At the Jewish Museum, everything revolves around the theme of "revenge" in Jewish cultural history until the beginning of October. The multifaceted exhibition is accompanied by an extensive catalog, a podcast, an artist-in-residence program in cooperation with DAGESH.Jewish Art in Context, and a film and discussion series.
"Revenge. History and Fantasy" spans cultural history from biblical stories to rabbinic writings, Jewish legends and anti-Jewish myths to Jewish gangs in major U.S. cities. Their point of departure is popular culture narratives in which powerlessness is overcome through the intervention of superior figures or acts of self-empowerment. Their vanishing point is represented by the last testimonies of those murdered and the question of justice after the Shoah.
The exhibition and accompanying program open up a platform for the examination of emotions and traditions that are marked by the Jewish experience of anti-Semitic violence and at the same time seek to overcome it - beyond established role models or expectations of reconciliation. In doing so, they adhere to the self-image of younger Jews in Germany, who do not want their own history to be understood exclusively as a victim narrative and who want to take a position between threat and empowerment.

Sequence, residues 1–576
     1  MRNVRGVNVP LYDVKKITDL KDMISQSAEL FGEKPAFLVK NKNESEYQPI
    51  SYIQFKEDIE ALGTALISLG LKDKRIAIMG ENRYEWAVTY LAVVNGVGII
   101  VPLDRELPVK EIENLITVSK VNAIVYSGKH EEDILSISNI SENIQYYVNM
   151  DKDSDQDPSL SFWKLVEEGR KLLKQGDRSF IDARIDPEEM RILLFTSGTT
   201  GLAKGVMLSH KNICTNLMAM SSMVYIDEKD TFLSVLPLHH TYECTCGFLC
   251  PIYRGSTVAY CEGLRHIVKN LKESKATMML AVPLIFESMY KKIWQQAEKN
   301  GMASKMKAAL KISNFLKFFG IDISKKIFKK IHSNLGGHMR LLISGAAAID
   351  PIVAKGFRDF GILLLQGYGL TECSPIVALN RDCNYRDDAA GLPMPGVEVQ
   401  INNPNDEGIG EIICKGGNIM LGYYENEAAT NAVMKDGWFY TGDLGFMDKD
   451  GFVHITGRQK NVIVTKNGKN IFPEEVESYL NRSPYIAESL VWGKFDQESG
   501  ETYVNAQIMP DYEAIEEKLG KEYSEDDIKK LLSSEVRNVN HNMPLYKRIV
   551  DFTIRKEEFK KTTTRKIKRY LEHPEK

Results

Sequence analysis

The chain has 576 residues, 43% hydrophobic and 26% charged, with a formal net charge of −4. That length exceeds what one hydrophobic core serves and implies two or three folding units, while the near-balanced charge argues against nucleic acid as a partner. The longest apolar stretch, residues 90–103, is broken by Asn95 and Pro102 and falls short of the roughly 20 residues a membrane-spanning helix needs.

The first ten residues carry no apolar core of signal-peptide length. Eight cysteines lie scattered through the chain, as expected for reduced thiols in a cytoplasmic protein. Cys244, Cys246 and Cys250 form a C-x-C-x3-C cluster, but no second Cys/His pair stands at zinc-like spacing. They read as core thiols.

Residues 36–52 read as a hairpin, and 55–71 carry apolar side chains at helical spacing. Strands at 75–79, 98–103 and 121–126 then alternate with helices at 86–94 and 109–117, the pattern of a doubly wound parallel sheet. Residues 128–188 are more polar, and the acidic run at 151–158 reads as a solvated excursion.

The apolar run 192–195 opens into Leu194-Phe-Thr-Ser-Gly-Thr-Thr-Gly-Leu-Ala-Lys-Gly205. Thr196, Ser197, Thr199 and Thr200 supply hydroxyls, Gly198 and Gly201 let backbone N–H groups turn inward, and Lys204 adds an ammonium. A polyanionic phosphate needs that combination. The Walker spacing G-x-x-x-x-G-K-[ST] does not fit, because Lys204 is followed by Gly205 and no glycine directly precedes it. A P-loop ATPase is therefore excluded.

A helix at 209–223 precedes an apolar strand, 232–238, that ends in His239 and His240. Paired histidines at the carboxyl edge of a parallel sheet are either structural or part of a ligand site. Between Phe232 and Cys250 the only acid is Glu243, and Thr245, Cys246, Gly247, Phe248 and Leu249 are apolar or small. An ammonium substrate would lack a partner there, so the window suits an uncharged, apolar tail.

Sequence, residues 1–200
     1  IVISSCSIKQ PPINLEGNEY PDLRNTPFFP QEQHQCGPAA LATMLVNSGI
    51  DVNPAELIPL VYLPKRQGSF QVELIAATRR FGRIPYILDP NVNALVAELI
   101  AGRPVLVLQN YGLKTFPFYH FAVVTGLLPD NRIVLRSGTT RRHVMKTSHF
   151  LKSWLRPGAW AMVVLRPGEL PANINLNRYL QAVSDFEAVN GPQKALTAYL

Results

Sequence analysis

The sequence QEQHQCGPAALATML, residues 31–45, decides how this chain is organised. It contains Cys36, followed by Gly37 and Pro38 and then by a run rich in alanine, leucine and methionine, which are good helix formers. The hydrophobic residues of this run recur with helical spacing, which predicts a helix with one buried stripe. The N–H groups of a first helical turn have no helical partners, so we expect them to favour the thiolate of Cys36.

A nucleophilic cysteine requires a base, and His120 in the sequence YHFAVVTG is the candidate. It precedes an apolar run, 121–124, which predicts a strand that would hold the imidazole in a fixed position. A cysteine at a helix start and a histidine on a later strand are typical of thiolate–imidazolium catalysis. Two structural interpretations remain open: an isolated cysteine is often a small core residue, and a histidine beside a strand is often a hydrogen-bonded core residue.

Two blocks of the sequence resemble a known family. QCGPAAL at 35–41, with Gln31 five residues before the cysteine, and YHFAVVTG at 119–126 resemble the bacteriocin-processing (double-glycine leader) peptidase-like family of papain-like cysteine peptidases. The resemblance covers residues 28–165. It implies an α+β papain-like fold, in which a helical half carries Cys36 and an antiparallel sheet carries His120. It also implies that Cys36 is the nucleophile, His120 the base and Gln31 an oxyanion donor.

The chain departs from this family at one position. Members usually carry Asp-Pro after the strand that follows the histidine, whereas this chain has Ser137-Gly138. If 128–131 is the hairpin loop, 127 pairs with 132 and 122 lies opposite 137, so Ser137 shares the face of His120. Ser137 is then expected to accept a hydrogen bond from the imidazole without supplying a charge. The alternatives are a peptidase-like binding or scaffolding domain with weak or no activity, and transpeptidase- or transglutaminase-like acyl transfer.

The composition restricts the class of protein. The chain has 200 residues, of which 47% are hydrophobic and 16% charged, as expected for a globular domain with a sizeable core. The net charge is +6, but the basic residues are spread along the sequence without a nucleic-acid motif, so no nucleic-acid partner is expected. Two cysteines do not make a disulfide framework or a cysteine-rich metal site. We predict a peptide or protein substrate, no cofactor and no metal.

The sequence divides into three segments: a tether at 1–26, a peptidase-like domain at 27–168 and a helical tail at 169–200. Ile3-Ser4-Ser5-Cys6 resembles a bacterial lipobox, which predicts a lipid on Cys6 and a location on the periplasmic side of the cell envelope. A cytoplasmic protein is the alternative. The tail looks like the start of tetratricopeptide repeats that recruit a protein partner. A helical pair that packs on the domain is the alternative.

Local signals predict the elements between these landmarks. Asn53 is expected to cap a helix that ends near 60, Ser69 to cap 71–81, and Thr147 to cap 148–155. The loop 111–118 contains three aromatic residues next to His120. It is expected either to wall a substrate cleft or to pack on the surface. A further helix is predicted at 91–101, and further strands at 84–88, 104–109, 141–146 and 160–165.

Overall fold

"Rache. History and Fantasy" presents historical documents and photographs, works of visual art and contemporary commissioned works, handwritten and printed materials, graphic literature, and sound, film, and video works in a scenic exhibition architecture. Items on view include a prop from Quentin Tarantino's film "Inglourious Basterds," pictorial representations of the biblical figures Judith and Samson, ceremonial objects, religious testimonies, and rabbinic writings that interpret, among other things, the biblical verse "an eye for an eye, a tooth for a tooth" as a formula for appropriate compensation.